“Jordy Diago is to be complimented for his achievements; I certainly hope to see more from him.”

NO MAJOR SPOILERS

Sven Hassel was very popular during the 1970’s and 80’s: allegedly a veteran of an elite Panzer Regiment, allegedly serving in almost every theatre in the Second World War, he wrote a series of lurid and slightly trashy war stories covering his exploits. The word ‘allegedly’ is used advisedly here – there is much debate as to how autobiographical his novels actually were, with the consensus tending towards ‘not at all’. It is rumoured that he spent his war in Copenhagen (he was a Dane) stealing bicycles and informing for the local Nazi party and that his wife wrote most of the books he took credit for.

I was first introduced to his works as a callow teen, in the Rivonia Book Exchange in the well to do suburbs of Johannesburg. I can still recall the frisson of anticipation and discovery that the Rivonia elicited as I sorted through the huge piles of musty-smelling, second-, third- and fourth-hand paperbacks looking for a Hassel that I hadn’t yet read. It’s fair to say that, as a young teenager, these were the first grown-up books that I had read and they thrilled me beyond anything that the Hardy Boys or Famous Five could manage. So, I look back on his books with some fondness and the idea that one of them (the second in the series) has been made into a graphic novel is rather exciting.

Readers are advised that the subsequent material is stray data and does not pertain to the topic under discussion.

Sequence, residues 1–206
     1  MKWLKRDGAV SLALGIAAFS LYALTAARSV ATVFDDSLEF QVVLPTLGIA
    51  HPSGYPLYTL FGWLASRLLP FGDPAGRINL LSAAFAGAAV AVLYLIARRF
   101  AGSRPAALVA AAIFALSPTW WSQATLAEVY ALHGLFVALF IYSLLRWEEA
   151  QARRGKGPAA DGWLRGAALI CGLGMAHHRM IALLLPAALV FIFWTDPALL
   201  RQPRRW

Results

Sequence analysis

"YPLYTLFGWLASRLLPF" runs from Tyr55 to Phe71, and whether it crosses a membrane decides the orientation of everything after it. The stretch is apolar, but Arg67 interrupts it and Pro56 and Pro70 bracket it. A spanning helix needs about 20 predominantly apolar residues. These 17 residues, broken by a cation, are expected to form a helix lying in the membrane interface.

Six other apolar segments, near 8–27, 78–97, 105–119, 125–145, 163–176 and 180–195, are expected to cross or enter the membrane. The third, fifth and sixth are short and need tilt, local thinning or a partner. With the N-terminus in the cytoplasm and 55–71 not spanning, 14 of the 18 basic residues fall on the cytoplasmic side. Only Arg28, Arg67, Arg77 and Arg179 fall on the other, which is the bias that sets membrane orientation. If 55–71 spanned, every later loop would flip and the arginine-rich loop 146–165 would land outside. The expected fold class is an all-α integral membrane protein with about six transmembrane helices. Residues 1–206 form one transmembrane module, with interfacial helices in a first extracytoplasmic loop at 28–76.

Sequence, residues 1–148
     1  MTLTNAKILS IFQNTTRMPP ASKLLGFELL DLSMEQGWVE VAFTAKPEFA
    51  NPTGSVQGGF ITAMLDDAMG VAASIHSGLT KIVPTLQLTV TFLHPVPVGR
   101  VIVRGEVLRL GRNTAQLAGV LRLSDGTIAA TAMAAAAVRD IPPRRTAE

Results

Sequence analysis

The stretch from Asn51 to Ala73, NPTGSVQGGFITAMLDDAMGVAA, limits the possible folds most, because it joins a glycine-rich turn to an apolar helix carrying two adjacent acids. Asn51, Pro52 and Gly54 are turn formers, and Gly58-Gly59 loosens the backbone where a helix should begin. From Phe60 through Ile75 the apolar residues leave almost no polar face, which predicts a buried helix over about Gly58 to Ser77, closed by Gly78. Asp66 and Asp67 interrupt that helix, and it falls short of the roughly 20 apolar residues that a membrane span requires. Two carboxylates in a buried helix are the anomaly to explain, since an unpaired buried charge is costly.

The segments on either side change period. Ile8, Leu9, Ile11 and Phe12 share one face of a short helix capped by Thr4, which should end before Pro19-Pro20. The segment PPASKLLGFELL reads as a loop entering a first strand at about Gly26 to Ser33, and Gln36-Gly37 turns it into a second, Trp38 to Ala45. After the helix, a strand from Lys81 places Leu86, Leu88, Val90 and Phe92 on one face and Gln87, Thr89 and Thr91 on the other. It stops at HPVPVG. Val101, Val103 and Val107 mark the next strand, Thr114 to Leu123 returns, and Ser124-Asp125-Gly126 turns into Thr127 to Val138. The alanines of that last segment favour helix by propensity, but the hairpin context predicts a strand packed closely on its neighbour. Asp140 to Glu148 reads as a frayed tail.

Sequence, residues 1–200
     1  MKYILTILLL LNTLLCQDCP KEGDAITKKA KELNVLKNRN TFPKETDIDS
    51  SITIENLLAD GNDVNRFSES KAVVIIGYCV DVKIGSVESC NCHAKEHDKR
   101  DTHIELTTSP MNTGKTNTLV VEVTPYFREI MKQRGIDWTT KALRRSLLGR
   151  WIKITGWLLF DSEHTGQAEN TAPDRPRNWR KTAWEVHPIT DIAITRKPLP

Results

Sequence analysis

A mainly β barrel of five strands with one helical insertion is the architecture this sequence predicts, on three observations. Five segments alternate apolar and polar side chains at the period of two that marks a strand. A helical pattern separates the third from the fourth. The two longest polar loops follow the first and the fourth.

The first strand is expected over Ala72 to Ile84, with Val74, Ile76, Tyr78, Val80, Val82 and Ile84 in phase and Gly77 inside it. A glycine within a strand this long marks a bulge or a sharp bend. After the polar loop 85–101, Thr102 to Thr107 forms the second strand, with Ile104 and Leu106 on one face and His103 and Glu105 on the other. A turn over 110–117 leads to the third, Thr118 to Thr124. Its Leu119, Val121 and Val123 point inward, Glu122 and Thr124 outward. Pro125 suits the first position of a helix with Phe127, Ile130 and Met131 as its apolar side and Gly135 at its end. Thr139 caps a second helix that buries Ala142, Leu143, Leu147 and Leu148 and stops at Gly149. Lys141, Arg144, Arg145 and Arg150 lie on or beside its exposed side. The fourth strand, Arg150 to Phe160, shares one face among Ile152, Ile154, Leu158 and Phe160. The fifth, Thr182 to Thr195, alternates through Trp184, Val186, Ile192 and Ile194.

Unlike some of the other reviewers, I rather like Diageo’s gothic, stylised illustrations. Dark and dirty, sparing with colour, they have a very appropriate look, in my opinion: part steampunk, part All Quiet on the Western Front. OK, so you won’t find a perfectly rendered Tiger tank, but the artist’s depictions of the series’ characters, such as Porta, The Old ‘Un, Pluto and The Legionnaire, all fit nicely with my half remembered imaginings. Sadly, though, the artwork is let down by the translation from the original Danish and is nowhere near as competent or fluent as Tim Bowie’s treatment in the original paperbacks. It’s readable, but irritating.

Even worse, the editing from a full length novel to an abridged comic format is very poor, resulting in a series of truncated, disconnected scenes and chapters. Even the ending itself seems to arrive unannounced and I was left wondering whether my copy was missing the last few chapters or perhaps there was a Part 2 to look out for. This does mean that all but the most dedicated Hassel fans will be left wondering whether their money (and this is a lot of money for something of this quality) was wisely spent.

Caveat emptor.

 

Reviewed by:

Campbell McAulay

Added 26th May 2016

More Reviews By
Kath Cross

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